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Over 300 women call out sexual harassment and abuse in the Australian music industry

By | Published on Wednesday 13 December 2017


Inspired by the nearly 2000 women working in the Swedish music industry who last month demanded an end to a corporate culture that too often tolerates sexual harassment and abuse, over 300 women working in the Australian music business have now signed an open letter calling for similar reform.

As previously reported, as Hollywood dealt with the fallout of the Harvey Weinstein scandal, and as the #metoo movement gained momentum online, a much more frank conversation began within the music community about sexism – and sexual harassment, abuse and assault – within the music sector.

Last month’s open letter in Swedish newspaper Dagens Nyheter overtly put the spotlight on the misogynistic culture within Sweden’s music industry that allows incidents of sexism and sexual harassment to become common place, and which makes victims of such harassment nervous of speaking out, fearing the negative impact doing so could have on their careers.

Just as that letter was being published, it emerged a senior executive at Warner Music Sweden had been suspended over allegations of sexual misconduct. That exec has since been fired, with Warner insisting it was seeking to learn from the incident and put better procedures in place to protect its employees from such abuse.

The new letter signed by women working in the Australian music business begins: “We are artists, musicians, managers, lawyers, booking agents, record label employees, publicists and more. We are not whingers or vibe-killers. We are passionate people dedicating our lives to music. In the face of uncountable discrimination, harassment, violence and the general menace of sexist jargon, we have gritted our teeth and gotten on with the job. But today we say, no more”.

As with the open letter from the Swedish music community, the new letter describes various specific incidents of sexism and sexual harassment experienced by some of the signatories.

It then goes on: “Together we say #meNOmore. Together, we give a voice to these issues and demand zero tolerance for sexual harassment, violence, objectification and sexist behaviours. There is no place for sexual entitlement in the workplace and in our industry. Change starts today”.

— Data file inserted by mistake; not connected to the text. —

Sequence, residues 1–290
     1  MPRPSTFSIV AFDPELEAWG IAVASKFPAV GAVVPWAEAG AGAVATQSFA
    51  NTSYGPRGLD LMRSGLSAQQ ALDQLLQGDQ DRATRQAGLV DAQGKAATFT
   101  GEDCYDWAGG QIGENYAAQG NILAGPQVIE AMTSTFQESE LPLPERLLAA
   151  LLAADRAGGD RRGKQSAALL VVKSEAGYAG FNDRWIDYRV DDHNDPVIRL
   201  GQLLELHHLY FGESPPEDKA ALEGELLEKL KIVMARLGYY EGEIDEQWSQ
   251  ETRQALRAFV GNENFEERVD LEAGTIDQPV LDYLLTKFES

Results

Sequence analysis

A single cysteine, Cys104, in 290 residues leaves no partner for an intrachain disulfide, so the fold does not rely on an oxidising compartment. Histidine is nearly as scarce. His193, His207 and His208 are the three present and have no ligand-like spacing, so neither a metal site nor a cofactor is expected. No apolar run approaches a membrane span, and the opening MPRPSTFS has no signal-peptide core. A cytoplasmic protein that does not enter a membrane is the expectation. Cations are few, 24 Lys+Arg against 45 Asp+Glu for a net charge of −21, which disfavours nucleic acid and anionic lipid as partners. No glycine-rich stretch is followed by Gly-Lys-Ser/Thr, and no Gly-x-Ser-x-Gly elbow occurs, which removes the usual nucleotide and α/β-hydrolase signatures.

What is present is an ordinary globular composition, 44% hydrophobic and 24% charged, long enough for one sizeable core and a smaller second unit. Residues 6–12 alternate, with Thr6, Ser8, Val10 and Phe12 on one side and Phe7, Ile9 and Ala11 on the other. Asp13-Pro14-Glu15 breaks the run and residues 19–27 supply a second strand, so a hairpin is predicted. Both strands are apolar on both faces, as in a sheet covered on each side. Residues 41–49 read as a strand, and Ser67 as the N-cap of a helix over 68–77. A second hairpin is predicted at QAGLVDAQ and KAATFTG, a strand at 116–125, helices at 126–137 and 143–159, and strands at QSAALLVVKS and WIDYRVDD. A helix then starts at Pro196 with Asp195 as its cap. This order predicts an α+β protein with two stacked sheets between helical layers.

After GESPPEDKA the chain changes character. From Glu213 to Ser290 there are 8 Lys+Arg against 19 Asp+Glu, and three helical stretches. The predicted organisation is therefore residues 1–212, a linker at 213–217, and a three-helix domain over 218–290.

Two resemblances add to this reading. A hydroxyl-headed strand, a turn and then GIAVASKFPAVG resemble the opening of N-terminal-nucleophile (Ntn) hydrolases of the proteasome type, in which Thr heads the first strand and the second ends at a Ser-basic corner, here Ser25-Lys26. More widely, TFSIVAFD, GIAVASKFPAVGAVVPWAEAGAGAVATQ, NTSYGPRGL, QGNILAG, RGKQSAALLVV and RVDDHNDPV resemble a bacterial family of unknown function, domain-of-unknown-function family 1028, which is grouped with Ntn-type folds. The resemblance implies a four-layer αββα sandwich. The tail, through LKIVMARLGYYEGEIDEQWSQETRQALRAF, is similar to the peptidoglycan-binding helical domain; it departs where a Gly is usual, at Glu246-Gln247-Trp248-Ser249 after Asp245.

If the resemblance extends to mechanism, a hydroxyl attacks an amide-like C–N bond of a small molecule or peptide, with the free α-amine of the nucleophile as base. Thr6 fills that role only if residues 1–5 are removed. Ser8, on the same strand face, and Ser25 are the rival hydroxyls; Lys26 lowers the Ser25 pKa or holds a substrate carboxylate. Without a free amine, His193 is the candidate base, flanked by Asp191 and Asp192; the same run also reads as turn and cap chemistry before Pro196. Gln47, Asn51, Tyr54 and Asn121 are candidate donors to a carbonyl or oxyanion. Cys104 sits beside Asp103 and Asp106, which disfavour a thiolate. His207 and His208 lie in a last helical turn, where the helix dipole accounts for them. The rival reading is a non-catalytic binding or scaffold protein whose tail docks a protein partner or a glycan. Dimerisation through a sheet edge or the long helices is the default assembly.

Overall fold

It continues: “We have listened to our friends. We have names of perpetrators. We know the same names that are repeated in unrelated circles. It saddens us that the people who hold us in fear and keep us silenced are people we work with, people who many of us have aspired to work under, and people who some of us have known as friends. These people need to be held accountable”.

“To the men who support and work alongside us – you are a vital part of this conversation. Be kind, listen and act if you know of something happening. Stand beside us and call out those who let us all down and who hurt our friends. To everyone who has a story to share, we hear you and this letter is for you to know that you are not alone”.

Concluding, the letter states: “To future workers of the Australian music industry – this is for you. We will continue to fight together so that one day, we can all work safely in a respectful, inclusive and supportive industry”.

The 300+ women signing the new letter also acknowledged their Swedish counterparts. They say: “We want to thank our colleagues in the Swedish music industry who came forward with a powerful open letter that inspired us to do the same. In its honesty and precision, it relays an experience which is so often hard to pinpoint or qualify”.

You can read the Swedish letter here and the new Australian letter, via The Industry Observer, here.

As previously reported, in the UK, the Musicians’ Union has staged open meetings for their members to discuss harassment and will be working with its counterparts elsewhere in Europe to identify practical initiatives to make the music industry a better place to work. Commenting on those conversations, the Union’s Assistant General Secretary Naomi Pohl recently wrote: “We need nothing short of wholesale cultural change in our industry, for every musician to understand what is acceptable in a workplace and what is not”.